Once locked-on, different directional flicks have different reactions. Goblins can be piledriven into the soil. Flick angry red bombs to the left or right and they'll spin like tops before exploding in a mushroom cloud.
What a witty combat system it is. Snatch a skeleton's head and wolf monsters pant lovingly at your feet. Beetles can be rammed together into bowling balls. Tougher enemies require all kinds of cleverness - peeling off armour to reveal ejector seat levers or tugging away weapons to fire back in their faces. A personal favourite are the iron giants - clunking mechanical death-tanks that you rev into action by spinning the cog on its back. Putting them back to sleep? Good luck with that.
Clean out monsters (or wait long enough) and the region briefly purifies, filling with a whole new set of (slightly less face-eating) toys. A barren desert becomes a quaint farm, complete with pig-cows to milk and crops to pluck. In the grassy highlands, a farmer needs help with alien abduction. Hide and seek, fishing, topiary, football and water chutes await the diligent explorer; bit by bit that slim ten-hour runtime gets closer to 30 - more if you want the full 100%. It'll take two run-throughs, too, some events only opening second time round.
Crystal Chronicles has always been the Final Fantasy laboratory, where producer Akitoshi Kawazu and his team tinker with mad co-op experiments or real-time combat. Confident strides in a new direction are to be welcomed, but there's still some learning to be done. D-pad-controlled cameras are never nice, especially in tight boss arenas or platforming tasks. Navigation can be tough on a grander scale, too - a horribly vague map screen sees to that. And do not jump off a Chocobo in the middle of nowhere - doing so leaves Layle in for some long treks.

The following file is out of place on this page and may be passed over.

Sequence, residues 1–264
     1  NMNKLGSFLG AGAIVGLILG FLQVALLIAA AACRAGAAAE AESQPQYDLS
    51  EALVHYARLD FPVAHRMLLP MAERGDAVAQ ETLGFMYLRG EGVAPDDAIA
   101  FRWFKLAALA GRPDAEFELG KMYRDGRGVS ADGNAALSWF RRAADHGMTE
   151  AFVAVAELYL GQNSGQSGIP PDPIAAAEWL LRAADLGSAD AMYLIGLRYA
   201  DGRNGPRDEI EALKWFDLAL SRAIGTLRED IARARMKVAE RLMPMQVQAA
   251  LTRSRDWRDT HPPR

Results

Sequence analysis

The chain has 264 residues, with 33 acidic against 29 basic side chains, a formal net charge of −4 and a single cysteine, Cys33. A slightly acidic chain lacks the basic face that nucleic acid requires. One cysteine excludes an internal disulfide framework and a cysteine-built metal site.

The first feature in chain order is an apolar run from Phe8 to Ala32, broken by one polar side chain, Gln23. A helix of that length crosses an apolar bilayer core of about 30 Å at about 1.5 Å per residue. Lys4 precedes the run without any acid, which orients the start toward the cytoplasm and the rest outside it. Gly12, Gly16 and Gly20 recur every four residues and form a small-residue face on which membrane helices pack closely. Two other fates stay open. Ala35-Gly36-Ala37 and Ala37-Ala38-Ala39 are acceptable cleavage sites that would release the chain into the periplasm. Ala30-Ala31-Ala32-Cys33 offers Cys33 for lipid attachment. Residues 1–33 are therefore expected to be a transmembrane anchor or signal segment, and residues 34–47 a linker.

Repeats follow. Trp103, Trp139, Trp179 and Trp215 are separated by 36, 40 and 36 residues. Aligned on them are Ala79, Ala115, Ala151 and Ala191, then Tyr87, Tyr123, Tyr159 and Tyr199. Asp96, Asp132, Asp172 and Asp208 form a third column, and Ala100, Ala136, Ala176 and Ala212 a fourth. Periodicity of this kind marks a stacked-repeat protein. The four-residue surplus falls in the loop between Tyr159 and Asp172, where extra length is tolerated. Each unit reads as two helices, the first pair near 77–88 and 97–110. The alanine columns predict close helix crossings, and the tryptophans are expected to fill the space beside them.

We're not sure the conclusion does the game justice either. After delicately balancing 'doing' against 'watching', the final hour spams the cutscenes and palms you off with a couple of quick-time events. The yarn (about warring factions and what seems to be five potential apocalypses) wraps up nicely, but couldn't we have done the wrapping? That said, five minutes later we've hopped straight back on Crystal Bearers for a second ride, back in an aerial plummet with 235 medals in our sights.
Could Bearers' true playfulness be better integrated? Certainly. Does the story feel a little odd taken alone? Without a doubt. But knowing this going in should help. Ultimately, it's hard to begrudge any game that encourages you to throw poo at cats and use a cow as a pump-action milk gun. Final Fantasy has always done the best line in silly anime hair - how nice to see Crystal Bearers let it down.
For a second opinion, read Official Nintendo Magazine's Final Fantasy Crystal Chronicles: The Crystal Bearers review.
Dumb action threatens to overshadow the odd combat system, but beneath it there's some of Squeenix's most enjoyable work in years.